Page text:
Event highlights work of CPC diplomatic arm

Updated: 2016-06-26 23:19

By ZHANG YUNBI(China Daily)

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Event highlights work of CPC diplomatic arm

The International Department of Communist Party of China saw dozens of ordinary people invited to its headquarters in Beijing on Sunday to witness the start of a two-way talk. [By ZOU HONG/CHINA DAILY]

A low-key, mysterious presence for 65 years, the Communist Party of China’s diplomatic organ saw dozens of ordinary people invited to its headquarters on Sunday to witness a talk.

Many of the assembled foreign experts, students and netizens took out their mobile phones to capture the first few minutes of the talk between Song Tao, head of the CPC International Department, and the visiting Cuban Communist Party delegation.

Ahead of the main event, Song told visitors that his department had compared notes with its counterparts on domestic governance as well as global and regional issues, and their recent work on the South China Sea issue.

“Through party-to-party exchanges, many political parties across the globe offered their voices and supported the Chinese government’s stance on the South China Sea issue. This shows the effect of our party-to-party exchanges,” said Song, who is a former vice-foreign minister.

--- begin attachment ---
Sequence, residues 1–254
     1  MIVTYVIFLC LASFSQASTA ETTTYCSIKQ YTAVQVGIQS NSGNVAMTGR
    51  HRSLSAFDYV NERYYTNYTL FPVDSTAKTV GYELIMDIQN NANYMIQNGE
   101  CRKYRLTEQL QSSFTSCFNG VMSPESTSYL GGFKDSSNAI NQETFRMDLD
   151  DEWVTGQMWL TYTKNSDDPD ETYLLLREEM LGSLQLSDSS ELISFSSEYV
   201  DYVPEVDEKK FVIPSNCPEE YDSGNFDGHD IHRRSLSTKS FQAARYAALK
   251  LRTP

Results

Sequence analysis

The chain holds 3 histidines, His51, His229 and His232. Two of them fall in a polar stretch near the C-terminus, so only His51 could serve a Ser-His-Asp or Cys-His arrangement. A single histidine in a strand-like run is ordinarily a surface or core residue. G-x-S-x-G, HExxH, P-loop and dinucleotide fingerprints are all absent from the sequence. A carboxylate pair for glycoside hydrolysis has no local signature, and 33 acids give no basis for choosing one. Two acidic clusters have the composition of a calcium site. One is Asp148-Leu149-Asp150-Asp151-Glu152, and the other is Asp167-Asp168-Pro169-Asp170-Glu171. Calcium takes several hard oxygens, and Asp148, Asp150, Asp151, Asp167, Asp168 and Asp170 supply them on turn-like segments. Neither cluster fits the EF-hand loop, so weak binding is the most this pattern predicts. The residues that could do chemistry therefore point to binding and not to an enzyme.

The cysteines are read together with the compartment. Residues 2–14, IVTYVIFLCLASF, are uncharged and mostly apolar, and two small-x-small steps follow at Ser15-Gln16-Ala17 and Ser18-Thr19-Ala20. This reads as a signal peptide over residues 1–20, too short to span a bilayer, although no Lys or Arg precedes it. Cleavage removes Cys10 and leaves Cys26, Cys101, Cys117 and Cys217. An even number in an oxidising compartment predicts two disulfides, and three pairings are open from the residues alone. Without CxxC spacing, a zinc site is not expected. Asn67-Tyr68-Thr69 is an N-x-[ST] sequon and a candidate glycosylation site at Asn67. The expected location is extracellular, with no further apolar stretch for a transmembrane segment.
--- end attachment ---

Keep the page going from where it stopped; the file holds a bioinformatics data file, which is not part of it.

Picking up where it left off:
Established in 1951, Song’s department has built contacts with more than 160 countries and around 600 parties or political organizations.

About 400 visits are handled annually by the department, which has also increased its contact with think tanks and the media, according to Song.

Party-to-party exchanges help shape long-term, stable two-way relations between China and other countries, he said.

“Our foreign exchanges cover not only the ruling parties, but also opposition parties — the opposition today may be the ruling party in future,” Song said.

Several officials with the department also spoke about their evolving mission to help China and the Party address emerging issues domestically and overseas.

Zhang Guangping, an official on political party research at the department, said they track how foreign political parties tighten self-discipline and fight graft as the CPC seeks to root out corruption.

By comparing China’s national conditions and experiences with other countries, the department can provide policy advice and identify setbacks, Zhang said.

Sun Shouliang, a department official who specializes in making contact with countries such as Germany and Austria, said it was important to establish long-lasting relationships with both veteran politicians in important positions and younger players with great potential.

These relationships are cultivated via email, text messages and even through WeChat, the most popular instant messaging app in China, Sun said.

Wu Xingtang, a former chief of the department’s policy research branch, said it acts as “both an adviser and an aide on international relations for the Central Committee of the CPC”.

Xu Liping, a researcher on Southeast Asian studies at the Chinese Academy of Social Sciences, noted that China’s “wide spectrum” of party-to-party contacts with Southeast Asia countries such as Indonesia has included many opposition parties and built effective communication mechanisms.